Well there’s a quote by an Apollo astronaut named Rusty Schweickart who said, ‘We aren’t passengers on spaceship Earth; we’re the crew. We aren’t residents; we’re citizens.’ The difference in both cases is responsibility. Someone can say, I’m a passenger, I’m not part of the crew. Well, yes, except that this is a diminished life, in my opinion — when you don’t feel like you have control over anything except what is right in front of you. In the community, or in the state, or in the nation, you’re mostly irrelevant. Coming back to that Mark Twain quote, I think to answer “Why am I here?” includes, for most people, to give back, to matter, to make a difference. But this volition is often smothered by cynicism and despair and hopelessness. So that’s the apathetic person. But when you start stripping some of that away, then what comes back up is the commitment to actually produce positive change.

What are some of the initiatives that the organizations you’re associated with are working toward now?

So, I founded RESULTS and the Citizen Lobby on Ending Global Poverty in 1980, and after 15 years, I switched gears and founded the Microcredit Summit Campaign, and then 17 years later, I founded the Center for Citizen Empowerment and Transformation. In the past, I’ve accused national nonprofit groups of not asking people for more than a click and a check. You know, keeping their donors in ‘kindergarten’ and ‘first grade’ as citizen activists. RESULTS and the Citizen Climate Lobby differ from many of these other organizations in that they offer a structure of support that helps an individual become a better, more empowered citizen activist.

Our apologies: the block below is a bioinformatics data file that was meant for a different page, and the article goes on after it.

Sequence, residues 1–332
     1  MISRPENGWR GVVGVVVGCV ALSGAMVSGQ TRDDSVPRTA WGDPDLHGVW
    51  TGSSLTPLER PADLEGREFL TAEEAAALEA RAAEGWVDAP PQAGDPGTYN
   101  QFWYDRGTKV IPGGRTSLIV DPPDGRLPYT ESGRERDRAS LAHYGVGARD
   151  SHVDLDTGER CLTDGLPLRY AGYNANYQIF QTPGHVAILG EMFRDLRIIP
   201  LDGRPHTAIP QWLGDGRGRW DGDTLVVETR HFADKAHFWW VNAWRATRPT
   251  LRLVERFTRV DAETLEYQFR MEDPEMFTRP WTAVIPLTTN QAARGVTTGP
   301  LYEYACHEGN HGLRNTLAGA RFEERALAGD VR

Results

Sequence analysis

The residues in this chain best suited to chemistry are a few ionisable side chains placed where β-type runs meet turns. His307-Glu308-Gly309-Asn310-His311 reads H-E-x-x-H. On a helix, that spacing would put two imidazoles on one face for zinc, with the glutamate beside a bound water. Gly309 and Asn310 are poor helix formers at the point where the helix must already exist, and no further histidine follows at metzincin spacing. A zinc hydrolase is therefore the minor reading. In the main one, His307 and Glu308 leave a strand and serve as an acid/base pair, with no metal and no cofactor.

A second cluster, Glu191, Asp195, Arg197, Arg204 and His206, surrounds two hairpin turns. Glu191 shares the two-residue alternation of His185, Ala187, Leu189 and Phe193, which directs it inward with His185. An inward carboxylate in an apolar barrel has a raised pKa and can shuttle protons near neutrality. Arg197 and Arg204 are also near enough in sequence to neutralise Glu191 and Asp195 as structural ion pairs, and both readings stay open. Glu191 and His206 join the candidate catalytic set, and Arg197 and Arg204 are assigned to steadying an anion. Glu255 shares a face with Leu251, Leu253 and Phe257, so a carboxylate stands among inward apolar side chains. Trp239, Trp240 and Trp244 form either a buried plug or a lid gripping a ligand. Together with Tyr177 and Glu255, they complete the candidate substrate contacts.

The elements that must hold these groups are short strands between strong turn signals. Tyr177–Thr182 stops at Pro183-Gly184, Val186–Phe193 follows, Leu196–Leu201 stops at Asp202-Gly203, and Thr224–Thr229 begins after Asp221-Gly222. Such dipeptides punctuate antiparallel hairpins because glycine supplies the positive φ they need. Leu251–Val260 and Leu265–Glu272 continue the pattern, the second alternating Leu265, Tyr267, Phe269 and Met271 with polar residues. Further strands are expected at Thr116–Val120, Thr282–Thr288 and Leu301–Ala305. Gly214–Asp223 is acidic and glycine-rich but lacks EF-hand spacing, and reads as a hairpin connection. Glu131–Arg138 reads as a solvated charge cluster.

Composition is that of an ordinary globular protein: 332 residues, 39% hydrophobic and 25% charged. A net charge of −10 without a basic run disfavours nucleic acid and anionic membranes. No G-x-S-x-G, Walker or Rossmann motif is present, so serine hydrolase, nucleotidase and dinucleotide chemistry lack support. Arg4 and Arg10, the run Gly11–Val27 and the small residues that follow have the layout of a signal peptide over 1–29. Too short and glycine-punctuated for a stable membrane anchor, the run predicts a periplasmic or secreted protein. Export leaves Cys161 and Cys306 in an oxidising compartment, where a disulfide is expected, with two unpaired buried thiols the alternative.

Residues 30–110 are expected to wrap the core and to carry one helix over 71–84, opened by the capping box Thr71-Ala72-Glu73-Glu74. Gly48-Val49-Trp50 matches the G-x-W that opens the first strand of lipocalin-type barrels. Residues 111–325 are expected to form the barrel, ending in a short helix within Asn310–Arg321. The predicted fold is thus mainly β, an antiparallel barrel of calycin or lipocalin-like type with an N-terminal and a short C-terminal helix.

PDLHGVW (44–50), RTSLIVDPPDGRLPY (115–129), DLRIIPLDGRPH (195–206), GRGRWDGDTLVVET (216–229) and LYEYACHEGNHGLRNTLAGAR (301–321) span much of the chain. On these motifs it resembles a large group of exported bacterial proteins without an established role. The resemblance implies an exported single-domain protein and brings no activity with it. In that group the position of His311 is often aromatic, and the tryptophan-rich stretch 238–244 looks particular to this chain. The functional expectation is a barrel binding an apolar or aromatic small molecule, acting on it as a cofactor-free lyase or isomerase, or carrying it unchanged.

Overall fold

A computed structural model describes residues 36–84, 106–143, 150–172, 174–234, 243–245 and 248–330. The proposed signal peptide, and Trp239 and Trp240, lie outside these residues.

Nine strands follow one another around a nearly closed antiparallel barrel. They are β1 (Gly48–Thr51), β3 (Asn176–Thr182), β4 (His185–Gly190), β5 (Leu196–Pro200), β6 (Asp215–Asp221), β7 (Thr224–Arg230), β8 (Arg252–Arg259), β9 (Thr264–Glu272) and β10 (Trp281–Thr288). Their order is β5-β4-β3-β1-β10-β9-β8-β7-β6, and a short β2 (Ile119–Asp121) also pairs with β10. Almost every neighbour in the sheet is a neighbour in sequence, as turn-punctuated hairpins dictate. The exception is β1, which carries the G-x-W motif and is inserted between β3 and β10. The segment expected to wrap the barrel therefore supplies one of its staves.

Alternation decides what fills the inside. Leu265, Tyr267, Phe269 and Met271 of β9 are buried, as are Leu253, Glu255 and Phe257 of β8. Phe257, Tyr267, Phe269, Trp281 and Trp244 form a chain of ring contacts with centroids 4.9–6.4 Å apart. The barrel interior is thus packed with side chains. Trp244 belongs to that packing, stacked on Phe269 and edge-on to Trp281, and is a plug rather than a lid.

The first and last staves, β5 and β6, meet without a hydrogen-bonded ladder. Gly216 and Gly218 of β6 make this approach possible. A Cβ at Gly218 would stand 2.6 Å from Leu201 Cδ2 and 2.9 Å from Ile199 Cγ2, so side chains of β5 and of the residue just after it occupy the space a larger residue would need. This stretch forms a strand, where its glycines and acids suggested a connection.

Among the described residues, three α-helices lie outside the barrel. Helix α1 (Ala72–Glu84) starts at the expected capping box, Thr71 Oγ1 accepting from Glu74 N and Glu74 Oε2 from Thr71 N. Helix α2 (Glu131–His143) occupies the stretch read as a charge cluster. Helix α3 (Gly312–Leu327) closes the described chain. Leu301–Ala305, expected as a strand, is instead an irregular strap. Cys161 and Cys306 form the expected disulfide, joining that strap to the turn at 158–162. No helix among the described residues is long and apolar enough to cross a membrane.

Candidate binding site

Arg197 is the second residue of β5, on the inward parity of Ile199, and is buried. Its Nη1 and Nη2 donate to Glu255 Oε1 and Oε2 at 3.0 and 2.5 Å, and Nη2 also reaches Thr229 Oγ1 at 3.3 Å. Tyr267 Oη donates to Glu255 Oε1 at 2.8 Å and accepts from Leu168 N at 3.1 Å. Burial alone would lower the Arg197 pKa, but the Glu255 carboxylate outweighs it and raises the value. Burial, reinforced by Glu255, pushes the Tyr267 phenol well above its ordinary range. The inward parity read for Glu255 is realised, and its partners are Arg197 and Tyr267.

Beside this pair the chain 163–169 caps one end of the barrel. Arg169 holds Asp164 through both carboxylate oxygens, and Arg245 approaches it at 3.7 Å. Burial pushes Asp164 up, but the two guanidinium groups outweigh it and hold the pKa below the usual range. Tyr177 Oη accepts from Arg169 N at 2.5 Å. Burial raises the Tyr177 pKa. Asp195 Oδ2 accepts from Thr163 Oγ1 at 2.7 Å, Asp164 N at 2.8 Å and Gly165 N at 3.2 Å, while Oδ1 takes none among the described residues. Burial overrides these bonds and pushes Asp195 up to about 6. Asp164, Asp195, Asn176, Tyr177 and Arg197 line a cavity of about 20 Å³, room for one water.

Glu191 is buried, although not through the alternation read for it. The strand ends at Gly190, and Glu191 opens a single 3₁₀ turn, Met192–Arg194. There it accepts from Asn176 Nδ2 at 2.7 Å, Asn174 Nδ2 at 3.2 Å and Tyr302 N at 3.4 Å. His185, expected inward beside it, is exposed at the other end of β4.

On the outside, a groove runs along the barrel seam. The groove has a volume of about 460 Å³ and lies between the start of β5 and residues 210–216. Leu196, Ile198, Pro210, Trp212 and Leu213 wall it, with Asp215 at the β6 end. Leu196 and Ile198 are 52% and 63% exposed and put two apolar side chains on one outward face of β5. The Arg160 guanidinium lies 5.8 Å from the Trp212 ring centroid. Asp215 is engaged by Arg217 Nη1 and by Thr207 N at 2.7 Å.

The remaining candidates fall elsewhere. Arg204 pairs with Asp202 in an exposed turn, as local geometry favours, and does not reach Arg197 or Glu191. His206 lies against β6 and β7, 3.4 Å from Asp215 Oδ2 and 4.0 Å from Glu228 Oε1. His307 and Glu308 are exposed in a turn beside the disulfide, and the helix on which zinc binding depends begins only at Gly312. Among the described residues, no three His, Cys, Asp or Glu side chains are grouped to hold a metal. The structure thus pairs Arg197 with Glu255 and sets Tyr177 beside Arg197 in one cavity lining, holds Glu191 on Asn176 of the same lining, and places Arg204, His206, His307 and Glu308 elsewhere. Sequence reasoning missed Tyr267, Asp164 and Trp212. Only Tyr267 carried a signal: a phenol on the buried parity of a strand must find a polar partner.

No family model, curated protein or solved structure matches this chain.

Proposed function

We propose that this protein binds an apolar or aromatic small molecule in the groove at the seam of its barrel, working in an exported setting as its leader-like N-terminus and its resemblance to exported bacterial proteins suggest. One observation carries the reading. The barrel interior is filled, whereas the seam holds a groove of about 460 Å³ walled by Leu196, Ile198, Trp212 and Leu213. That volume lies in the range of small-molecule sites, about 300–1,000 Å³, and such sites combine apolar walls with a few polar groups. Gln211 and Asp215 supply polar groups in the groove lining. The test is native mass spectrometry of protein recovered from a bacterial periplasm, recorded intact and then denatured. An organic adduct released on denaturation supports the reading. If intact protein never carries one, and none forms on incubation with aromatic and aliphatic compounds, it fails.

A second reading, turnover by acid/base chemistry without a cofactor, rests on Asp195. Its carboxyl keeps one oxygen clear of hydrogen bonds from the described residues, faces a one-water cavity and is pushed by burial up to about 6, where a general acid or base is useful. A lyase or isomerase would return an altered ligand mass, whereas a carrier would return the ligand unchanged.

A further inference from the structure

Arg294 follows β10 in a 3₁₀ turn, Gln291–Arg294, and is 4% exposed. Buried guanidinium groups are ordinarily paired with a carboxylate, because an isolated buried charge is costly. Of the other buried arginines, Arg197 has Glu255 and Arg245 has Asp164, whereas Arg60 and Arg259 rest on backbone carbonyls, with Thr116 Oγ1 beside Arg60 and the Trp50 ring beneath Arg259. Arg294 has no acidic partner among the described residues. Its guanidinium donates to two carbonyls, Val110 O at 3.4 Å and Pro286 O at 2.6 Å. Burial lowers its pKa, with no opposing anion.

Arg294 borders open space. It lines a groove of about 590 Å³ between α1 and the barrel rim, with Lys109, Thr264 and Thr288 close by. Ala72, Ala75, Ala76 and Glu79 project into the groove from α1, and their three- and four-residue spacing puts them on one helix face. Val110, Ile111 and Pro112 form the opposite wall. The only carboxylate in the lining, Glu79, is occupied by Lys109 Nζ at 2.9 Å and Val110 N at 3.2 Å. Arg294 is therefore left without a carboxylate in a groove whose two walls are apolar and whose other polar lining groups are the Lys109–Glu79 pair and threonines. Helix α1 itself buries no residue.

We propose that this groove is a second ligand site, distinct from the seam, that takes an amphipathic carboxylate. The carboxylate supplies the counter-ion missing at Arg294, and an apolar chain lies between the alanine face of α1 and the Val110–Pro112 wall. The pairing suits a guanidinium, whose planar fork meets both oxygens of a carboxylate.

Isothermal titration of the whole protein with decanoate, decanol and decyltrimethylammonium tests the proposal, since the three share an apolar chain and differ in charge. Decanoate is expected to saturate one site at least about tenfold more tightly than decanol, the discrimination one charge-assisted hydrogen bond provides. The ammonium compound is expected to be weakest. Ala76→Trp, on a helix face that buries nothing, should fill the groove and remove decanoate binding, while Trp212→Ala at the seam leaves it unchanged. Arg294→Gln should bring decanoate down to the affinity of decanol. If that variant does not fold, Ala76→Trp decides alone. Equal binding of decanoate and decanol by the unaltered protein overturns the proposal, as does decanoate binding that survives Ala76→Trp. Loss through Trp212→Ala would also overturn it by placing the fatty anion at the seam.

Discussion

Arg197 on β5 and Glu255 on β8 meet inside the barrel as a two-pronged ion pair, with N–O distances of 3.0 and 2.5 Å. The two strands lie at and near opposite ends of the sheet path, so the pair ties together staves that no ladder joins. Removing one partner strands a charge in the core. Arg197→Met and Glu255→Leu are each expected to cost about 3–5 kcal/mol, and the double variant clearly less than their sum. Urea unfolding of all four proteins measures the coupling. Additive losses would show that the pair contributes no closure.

One example: We hold a nationwide telephone conference call every month. Hundred of volunteers from around the country are on the phone with each other. In August, the conference call special guest was Jeffrey Sachs of the Earth Institute at Columbia. He spoke to the other volunteers about how to formulate a specific plan of action, how to be more articulate in your advocacy, [and] how to nail an elevator speech on one aspect of poverty, for example.

We’ve set up this rich curriculum, not just of guest speakers; there’s way more to it than that. But when you stop doing the ‘Click once to donate and you’re done,’ you progress further and further as an activist. So you need to find an organization that helps you get out of your comfort zone and have a breakthrough in who you think you can be and what you think you can do. The magic happens when you see you’re passion for the end of poverty or for a stable climate expressed in a newspaper or expressed in your member of Congress finally saying, ‘Okay, I get this. I’m going to support this legislation.

Is there anything else you’d like to add?

I would just recommend that if people are interested, they should look into  or Because this is not like cleaning up the environment on campus, although that is all well and good. This is advocacy. This is lobbying. People need to find a structure of support that will really propel them forward as citizen activists.